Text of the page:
I subscribe to Universe Today, a cool NASA blog which brings weak signals from the future across my radar every day. And not long ago, this headline caught my attention: I WONDER IF IT HAS ROOM SERVICE? HERE’S THE SPACE HOTEL THAT WON A RECENT NASA COMPETITION. It’s about a competition MIT ran challenging students to design “a luxury Earth-facing eight-room space hotel complete with bar, restaurant, and gym, that will make orbital space holidays a reality.”
I don’t expect to use my SPG points in this hotel, but it’s plausible some of the young people I work with will experience space this way. A 9th grader in high school today may be part of a team building a space hotel in ten or fifteen years for…Amazon? Elon Musk? NASA? The Four Seasons? Her own family? Sci-fi becomes science reality.
It use to be you’d coach a child to look into hotel management (maybe Cornell?); engineering (MIT or Georgia Tech?); or a business degree (Babson or the Univ. of Texas perhaps?). Now the work of the future is about fusion, cross discipline understanding, and relationships with artificial intelligence systems that will make many of formerly sci-fi inventions possible.
And though preparing for futures we can’t imagine has been the lot of every generation, the speed and possibilities we’re encountering today are mind boggling. The challenge we have now is to help the next generation develop readiness for the unexpected and capacity to anticipate, not just react to whatever comes their way. These are skills every family can nurture–if they’re intentional. Here are three habits you may already practice with your kids, if not, give them a try:
- Make them a captain of something every week. It could be Captain of designing the table setting, or Captain of getting the family out of the house on time, or Captain of good nutrition for a week–it doesn’t matter and I hope you’ll try out lots of ‘Captain’ assignments. The point is to give them leadership practice. Getting things done, inspiring others to follow, and imagining solutions are all skills essential skills for navigating the future, whatever changes come their way.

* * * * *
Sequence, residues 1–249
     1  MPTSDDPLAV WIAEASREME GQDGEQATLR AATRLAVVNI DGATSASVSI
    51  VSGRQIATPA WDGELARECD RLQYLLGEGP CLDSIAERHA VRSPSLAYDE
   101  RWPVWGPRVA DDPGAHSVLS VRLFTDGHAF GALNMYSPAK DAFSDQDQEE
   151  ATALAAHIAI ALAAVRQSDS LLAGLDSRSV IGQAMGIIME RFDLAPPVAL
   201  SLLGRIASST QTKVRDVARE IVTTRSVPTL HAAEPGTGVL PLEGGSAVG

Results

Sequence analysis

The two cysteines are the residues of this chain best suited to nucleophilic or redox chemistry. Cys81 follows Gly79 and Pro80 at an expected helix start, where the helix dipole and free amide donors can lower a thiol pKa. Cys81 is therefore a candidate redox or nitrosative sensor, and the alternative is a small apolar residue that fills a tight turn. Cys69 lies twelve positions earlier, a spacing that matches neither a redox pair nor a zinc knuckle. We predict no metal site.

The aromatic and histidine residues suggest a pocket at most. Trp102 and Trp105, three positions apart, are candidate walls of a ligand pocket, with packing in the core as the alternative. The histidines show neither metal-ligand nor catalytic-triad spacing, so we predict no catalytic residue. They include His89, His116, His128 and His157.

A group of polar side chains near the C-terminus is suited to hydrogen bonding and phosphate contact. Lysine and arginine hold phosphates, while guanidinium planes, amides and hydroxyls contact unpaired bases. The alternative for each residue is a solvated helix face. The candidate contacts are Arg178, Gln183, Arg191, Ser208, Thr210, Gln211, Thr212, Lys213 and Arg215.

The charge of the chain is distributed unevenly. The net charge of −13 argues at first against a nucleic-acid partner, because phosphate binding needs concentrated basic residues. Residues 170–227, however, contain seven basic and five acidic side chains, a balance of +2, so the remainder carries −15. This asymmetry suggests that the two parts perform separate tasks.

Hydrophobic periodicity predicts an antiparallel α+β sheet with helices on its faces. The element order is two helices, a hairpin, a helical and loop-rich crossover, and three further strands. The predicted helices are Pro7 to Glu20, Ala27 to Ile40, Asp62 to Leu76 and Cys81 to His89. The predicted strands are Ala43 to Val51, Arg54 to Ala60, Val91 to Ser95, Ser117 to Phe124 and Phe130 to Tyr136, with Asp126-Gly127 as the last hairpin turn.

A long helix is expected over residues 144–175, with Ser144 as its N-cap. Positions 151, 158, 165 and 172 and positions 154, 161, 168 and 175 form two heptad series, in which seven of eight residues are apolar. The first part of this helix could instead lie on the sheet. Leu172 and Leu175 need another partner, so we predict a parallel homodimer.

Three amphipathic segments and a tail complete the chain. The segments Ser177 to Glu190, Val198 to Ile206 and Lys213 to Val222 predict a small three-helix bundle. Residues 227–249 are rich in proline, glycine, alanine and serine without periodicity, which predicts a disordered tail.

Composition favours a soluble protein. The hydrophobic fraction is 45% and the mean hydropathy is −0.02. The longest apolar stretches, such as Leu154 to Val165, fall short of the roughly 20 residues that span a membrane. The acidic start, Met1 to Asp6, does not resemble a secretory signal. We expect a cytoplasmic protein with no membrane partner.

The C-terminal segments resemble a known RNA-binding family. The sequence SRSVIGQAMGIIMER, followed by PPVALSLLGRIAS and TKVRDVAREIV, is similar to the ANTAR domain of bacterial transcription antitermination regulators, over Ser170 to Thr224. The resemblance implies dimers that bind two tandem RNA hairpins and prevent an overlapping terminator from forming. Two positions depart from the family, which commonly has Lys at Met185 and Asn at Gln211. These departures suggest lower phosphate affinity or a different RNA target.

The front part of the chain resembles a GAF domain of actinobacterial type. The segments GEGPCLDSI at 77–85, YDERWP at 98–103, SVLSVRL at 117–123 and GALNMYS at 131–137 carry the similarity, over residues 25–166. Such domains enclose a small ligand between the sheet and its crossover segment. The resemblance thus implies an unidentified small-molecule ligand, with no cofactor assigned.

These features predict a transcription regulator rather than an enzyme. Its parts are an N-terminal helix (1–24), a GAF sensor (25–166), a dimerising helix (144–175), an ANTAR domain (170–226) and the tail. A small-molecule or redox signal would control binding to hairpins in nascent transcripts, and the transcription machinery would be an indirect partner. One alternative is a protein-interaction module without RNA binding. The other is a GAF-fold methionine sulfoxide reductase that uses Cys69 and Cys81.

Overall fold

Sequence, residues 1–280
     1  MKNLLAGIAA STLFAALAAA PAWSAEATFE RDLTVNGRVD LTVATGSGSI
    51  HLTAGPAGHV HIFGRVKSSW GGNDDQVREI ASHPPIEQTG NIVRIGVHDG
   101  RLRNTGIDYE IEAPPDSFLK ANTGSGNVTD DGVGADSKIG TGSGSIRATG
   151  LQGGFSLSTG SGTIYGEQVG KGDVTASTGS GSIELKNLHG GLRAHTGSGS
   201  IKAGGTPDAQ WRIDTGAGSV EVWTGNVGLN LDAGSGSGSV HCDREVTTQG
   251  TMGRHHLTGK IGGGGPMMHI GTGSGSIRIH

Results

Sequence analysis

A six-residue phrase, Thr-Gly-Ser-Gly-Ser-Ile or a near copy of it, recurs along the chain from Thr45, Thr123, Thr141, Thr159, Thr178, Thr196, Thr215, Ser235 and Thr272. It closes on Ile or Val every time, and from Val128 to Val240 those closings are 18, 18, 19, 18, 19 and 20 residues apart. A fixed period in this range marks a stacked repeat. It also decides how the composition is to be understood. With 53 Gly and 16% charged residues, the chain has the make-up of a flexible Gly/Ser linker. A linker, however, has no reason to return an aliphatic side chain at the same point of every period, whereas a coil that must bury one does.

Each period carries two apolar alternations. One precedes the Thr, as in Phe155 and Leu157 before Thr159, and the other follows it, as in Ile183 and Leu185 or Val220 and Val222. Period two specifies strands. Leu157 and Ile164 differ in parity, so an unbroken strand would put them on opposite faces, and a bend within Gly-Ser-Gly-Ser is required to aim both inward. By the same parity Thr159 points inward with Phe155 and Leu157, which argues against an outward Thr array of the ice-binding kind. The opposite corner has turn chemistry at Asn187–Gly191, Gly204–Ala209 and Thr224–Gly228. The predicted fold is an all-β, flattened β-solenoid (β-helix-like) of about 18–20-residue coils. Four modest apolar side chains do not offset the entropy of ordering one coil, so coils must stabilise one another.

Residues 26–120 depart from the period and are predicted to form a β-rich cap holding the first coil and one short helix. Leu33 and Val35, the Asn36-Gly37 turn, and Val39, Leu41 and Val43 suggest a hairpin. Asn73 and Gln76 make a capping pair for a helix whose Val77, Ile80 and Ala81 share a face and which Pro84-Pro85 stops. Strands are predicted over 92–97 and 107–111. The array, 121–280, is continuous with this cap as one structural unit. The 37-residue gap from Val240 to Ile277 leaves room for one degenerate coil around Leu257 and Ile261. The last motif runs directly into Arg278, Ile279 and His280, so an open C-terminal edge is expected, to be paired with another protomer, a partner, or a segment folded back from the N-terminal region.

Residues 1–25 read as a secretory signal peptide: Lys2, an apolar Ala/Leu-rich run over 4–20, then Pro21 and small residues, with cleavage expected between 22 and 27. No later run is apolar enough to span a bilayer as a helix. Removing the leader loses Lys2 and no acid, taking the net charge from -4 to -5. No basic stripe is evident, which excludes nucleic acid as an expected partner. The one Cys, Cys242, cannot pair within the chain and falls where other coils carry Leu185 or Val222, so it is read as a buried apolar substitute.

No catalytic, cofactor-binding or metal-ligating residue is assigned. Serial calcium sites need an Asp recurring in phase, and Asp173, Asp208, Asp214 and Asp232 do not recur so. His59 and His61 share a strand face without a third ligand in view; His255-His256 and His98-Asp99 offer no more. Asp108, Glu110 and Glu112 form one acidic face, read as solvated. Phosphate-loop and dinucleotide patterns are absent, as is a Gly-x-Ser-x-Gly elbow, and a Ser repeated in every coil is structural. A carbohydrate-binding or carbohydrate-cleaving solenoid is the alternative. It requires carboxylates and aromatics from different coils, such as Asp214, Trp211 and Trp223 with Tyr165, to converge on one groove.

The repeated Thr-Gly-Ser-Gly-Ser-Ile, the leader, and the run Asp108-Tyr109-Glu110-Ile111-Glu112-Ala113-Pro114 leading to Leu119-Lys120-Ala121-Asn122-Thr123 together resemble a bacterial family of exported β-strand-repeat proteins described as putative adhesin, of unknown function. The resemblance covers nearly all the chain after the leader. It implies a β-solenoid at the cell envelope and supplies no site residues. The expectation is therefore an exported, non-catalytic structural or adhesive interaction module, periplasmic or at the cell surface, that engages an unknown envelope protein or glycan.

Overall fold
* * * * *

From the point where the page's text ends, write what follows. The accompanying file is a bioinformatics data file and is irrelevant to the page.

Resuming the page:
- Challenge them to imagine ‘the big picture.’ Instead of an allowance of say $50/week or $500/a month (a lot depends on age and what they’re supposed to be in charge of) challenge them to give you a plan for how they might manage $600 or $6000 in a year. Understanding the choices that come with a larger picture is not the same as giving them cash and letting them loose. Helping them connect the micro-finance of a weekly allowance to the macro-finance of their lives is a means of developing vision, a long term view, and short and long term decision-making skills.
- Illuminate something. Remember the anatomical skeletons in high school biology that illuminated the human body? We need more concrete ways to make the world transparent to kids. Buying a car? Include them in the math of buying (and maintaining) the car. Making hamburgers for the soccer team? Have them work out the number of pounds of beef you expect will be eaten and what it costs per pound. Not too long ago I asked small groups of teens what they thought their family’s monthly electric bill was each month. “$5000? “ one guessed. Another threw out $10,000. Teens aren’t stupid, but the grown-ups around them are not illuminating enough of life to help them get a grip on reality. Understanding what is real today will help them understand what is real and what could be real in the not so distant future.
Change has so accelerated that the future is hardly “out there” any longer–it’s right here. And the sooner we give family members the new skills they need to cope, adapt to and anticipate it, the more resilient we will all be.